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Frankenstein Chapter 18 Summary

Instructor: Meredith Spies

Meredith has studied literature and literary analysis, holding a master's degree in liberal arts with a focus on depictions of femininity vs masculinity in literature and art.

This lesson is a summary of chapter 18 of Mary Shelley's Frankenstein. The lesson also includes a brief synopsis of events precipitating the chapter and a short analysis of some major themes in chapter 18.

Precipitating Events to Chapter 18 of Frankenstein

The creature confronts Victor Frankenstein on the slopes of Montanvert in the Chamonix Valley. Victor had gone there to seek the Romantic ideal of healing in nature and had begun to experience a measure of relief from his deep depression and anguish, but the creature arrived at the tiny hut where Victor was staying and cornered him, destroying his peace.

The creature details why he killed William, Victor's youngest brother, and framed Justine Moritz. He tells Victor that he is lonely and violent because of what Victor has done--namely, creating then abandoning him to a world that does not understand nor want him. He tells Victor that he owes him a companion and demands that Victor make him a mate. Victor refuses, but the creature pushes and Victor finally relents under coercion. The creature promises that he will flee with his mate to South America so they may live outside of society and be alone together. He also tells Victor that he will be monitoring the progress of his mate's creation closely and threatens to cause Victor more loss and grief if he tries to renege. Victor has no choice now; he must build the mate or his family will suffer.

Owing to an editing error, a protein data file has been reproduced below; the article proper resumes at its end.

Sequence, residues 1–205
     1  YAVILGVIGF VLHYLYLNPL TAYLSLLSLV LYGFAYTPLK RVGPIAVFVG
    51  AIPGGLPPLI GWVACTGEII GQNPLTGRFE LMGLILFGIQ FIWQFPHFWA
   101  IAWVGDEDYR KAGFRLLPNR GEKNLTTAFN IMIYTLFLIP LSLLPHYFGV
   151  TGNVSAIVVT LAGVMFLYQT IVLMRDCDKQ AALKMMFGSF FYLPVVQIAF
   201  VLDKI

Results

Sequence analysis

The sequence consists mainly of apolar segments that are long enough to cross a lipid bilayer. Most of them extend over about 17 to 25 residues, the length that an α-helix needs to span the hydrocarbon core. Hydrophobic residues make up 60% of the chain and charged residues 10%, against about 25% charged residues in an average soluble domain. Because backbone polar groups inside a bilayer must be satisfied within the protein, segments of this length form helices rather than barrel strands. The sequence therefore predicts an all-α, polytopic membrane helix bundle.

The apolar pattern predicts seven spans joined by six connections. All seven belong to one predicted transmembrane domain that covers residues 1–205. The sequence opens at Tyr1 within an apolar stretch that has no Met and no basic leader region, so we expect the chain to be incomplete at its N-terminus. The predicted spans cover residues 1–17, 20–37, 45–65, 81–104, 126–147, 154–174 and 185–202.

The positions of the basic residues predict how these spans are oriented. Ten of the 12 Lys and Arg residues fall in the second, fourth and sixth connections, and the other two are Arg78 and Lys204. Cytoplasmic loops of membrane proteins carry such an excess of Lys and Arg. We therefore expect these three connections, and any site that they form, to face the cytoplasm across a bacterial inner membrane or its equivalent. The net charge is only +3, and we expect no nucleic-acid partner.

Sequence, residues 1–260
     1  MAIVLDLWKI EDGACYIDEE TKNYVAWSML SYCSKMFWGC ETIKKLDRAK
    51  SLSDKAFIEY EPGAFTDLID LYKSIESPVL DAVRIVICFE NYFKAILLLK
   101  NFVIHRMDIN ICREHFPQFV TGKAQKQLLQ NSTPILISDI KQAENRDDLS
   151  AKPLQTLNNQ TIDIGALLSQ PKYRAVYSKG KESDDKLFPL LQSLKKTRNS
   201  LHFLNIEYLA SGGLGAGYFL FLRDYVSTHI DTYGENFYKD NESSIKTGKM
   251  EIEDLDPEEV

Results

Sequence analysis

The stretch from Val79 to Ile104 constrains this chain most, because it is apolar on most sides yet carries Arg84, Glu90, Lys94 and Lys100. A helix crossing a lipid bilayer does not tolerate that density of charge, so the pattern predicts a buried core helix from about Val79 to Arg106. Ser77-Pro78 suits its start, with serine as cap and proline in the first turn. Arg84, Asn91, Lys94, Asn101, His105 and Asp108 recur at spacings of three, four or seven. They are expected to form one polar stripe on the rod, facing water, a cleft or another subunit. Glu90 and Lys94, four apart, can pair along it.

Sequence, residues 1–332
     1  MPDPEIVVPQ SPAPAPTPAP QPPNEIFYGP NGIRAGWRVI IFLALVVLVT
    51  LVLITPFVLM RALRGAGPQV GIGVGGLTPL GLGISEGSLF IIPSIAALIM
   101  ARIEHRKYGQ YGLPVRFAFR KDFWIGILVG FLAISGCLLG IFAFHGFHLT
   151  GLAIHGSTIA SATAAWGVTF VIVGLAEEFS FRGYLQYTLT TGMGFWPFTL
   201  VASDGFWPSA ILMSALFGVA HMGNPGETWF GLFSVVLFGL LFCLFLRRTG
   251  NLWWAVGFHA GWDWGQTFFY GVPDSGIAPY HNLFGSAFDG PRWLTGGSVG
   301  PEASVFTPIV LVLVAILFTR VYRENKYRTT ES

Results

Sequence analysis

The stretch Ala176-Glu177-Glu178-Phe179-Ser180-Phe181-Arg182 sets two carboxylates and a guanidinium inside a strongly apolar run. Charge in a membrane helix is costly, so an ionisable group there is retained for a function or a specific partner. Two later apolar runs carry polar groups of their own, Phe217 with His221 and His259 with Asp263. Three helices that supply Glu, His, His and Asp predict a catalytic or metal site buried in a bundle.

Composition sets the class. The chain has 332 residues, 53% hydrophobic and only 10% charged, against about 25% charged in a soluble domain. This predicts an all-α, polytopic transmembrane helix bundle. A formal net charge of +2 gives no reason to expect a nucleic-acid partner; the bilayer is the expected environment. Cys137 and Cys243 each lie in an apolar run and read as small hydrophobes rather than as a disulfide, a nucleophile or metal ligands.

Victor Begins His Research

Once back in Geneva, where his family and Elizabeth note his mad appearance and frantic demeanor, Victor begin to look into new developments in the scientific community since his initial creation of the creature several years previous. Victor finds that he will need to go to England in order to complete his research before beginning his new creation. He gets himself together and manages to present a calmer, less-frenzied front to his loved ones. He tells his father, Alphonse, that he would like to go to London for a tour. A tour was common practice among upper classes in Europe during the 18th and 19th centuries where people, especially young men, would go on long trips to other European countries to ostensibly learn about the culture and see the sights, believing it would round their education, lend them a bit of polish, or even help with health problems. Telling Alphonse that he would be touring England would ensure Victor could remain abroad, doing research, without raising suspicion from his family or Elizabeth.

Leaving Geneva

Alphonse takes the news of Victor's supposed tour well but wonders if it is due to a reluctance to marry Elizabeth rather than a need for relaxation. Victor assures him that he truly wishes to marry Elizabeth but rejects Alphonse's suggestions to marry at once, to use a wedding as a balm for the family's recent grief. Victor does not want to marry while the creature's demand has yet to be met. He fears that marrying Elizabeth before making the creature's mate will further enrage the creature and lead to more deaths.

Instead, he agrees that his trip will not last more than a year, and he will take his friend Henry Clerval with him. Clerval is Victor's childhood friend and a foil to Victor. He balances Victor's character by being cheerful, friendly, and the epitome of the Romantic ideal of a man (at least in the eyes of 19 year old Mary Shelley--many scholars think it possible she modeled Clerval on her own husband and his friends). Clerval never asks Victor what he is doing with his research and does not know, at this point in the novel, that Victor made the creature or that he is about to make anther.

Clerval and Victor leave Geneva in September and travel down the Rhine, through France and Germany, and eventually reach England by late December.

Nature No Longer Heals

Rhine Valley in Viamala
Rhine Valley in Viamala

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